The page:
For a while now I have been meaning to write about British Values and its teaching in schools.
We are human and we have the capacity to do things in good faith or bad. What I am taking aim at here is the bad faith arguments against teaching British Values not the genuine concerns that some may have.
No accountability measure is perfect.
But this does not justify the creation of one based on the elision of whole groups of children with a wide variety of needs and assumptions unsupported by evidence using a secretive mechanism.
It was a pleasure and privilege to be invited by Claire Fox to take part in the debate on statues alongside Patrick Vernon OBE (@ppvernon), Dr Cheryl Hudson (@HudsCheryl) and Dr Nicholas Draper.
The link to the debate and initial readings is here: https://www.battleofideas.org.uk/session/statues-must-fall-erasing-history-or-righting-wrongs/
Here is my 5 minute introduction speech that I made (the focus of which was the UK moreso than the US, as were my responses during the debate):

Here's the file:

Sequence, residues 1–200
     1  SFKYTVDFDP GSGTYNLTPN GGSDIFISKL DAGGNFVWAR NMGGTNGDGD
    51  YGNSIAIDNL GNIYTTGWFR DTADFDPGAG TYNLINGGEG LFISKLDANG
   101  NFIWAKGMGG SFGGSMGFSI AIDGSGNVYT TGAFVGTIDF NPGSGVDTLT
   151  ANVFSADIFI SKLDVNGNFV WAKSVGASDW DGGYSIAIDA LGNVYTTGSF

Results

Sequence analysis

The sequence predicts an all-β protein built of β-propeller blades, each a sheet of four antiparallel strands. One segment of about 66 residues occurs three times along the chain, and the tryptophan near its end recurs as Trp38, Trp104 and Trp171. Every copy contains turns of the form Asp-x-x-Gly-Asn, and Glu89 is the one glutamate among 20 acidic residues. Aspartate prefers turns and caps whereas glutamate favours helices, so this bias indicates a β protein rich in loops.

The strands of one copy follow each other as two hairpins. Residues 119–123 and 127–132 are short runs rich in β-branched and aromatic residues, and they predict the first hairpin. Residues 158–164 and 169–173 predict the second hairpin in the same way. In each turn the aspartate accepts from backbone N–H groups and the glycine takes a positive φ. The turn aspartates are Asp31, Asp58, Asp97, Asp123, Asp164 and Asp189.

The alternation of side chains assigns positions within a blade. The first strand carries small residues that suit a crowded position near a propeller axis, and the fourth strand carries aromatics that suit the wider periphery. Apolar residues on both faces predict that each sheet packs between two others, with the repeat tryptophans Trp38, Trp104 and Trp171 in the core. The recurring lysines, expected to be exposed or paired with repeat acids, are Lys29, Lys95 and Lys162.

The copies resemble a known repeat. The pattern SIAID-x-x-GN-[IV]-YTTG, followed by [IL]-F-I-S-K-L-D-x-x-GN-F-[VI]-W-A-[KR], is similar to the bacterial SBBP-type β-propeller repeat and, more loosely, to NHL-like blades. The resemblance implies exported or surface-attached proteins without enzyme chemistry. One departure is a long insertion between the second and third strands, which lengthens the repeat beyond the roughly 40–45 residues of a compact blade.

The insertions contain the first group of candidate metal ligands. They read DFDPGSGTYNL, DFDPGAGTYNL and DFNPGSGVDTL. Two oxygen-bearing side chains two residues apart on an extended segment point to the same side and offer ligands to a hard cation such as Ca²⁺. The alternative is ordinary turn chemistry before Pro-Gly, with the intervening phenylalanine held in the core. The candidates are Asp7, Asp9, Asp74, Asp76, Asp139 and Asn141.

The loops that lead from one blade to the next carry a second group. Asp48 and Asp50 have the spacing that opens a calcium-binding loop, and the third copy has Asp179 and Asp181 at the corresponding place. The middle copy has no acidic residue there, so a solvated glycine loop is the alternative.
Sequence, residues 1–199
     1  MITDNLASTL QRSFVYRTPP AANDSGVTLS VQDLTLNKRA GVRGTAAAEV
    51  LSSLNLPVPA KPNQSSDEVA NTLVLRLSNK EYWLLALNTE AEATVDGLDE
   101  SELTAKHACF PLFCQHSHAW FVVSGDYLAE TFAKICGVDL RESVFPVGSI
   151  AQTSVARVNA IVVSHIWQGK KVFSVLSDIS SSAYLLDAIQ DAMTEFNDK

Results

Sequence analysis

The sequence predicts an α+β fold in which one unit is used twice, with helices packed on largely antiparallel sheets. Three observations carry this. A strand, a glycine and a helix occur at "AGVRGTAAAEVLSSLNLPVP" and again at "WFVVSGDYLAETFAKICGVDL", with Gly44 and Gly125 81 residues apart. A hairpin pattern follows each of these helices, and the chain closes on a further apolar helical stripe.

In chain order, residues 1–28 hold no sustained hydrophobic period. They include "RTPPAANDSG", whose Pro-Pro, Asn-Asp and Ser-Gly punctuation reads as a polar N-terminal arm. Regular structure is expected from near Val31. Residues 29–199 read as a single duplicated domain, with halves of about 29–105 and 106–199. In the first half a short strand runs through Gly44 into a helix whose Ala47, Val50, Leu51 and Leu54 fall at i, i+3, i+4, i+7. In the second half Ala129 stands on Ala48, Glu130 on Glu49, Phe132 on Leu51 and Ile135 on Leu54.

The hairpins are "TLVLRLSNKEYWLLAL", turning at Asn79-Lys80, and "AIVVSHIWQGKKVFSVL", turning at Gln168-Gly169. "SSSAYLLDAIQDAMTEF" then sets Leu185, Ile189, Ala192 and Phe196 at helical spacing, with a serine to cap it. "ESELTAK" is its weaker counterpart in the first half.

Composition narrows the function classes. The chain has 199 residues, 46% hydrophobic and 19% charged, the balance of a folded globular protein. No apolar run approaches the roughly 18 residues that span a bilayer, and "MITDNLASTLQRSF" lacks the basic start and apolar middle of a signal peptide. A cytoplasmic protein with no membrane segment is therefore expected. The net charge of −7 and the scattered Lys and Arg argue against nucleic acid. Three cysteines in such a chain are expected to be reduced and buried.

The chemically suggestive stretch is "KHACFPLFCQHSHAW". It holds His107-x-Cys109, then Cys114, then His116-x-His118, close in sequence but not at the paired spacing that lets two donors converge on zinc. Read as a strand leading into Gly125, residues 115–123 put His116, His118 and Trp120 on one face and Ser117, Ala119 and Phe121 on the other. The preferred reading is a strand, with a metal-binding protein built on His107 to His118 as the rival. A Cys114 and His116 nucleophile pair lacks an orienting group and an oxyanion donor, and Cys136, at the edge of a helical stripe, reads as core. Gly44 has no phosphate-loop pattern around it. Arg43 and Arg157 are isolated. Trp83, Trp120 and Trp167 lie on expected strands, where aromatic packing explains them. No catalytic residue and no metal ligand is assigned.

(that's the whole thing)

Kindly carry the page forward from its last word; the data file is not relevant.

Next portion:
One of the most interesting aspects of this issue is how little it is about the statues involved, the past or the current state of race relations in either the US or the UK.
My rED 17 talk and slides.
As I argued in my last blog, self-expression as the aim of a writing curriculum is a dead-end. To move forward, we need to strip back what has become an over-complicated process.At its heart writing is communication and thus requires shared understanding of it’s rules and norms to be effective. This should be the goal […]
While writing as a means of self-expression has undoubtedly enriched humanity, it can’t be the primary goal if we are to create a literate society.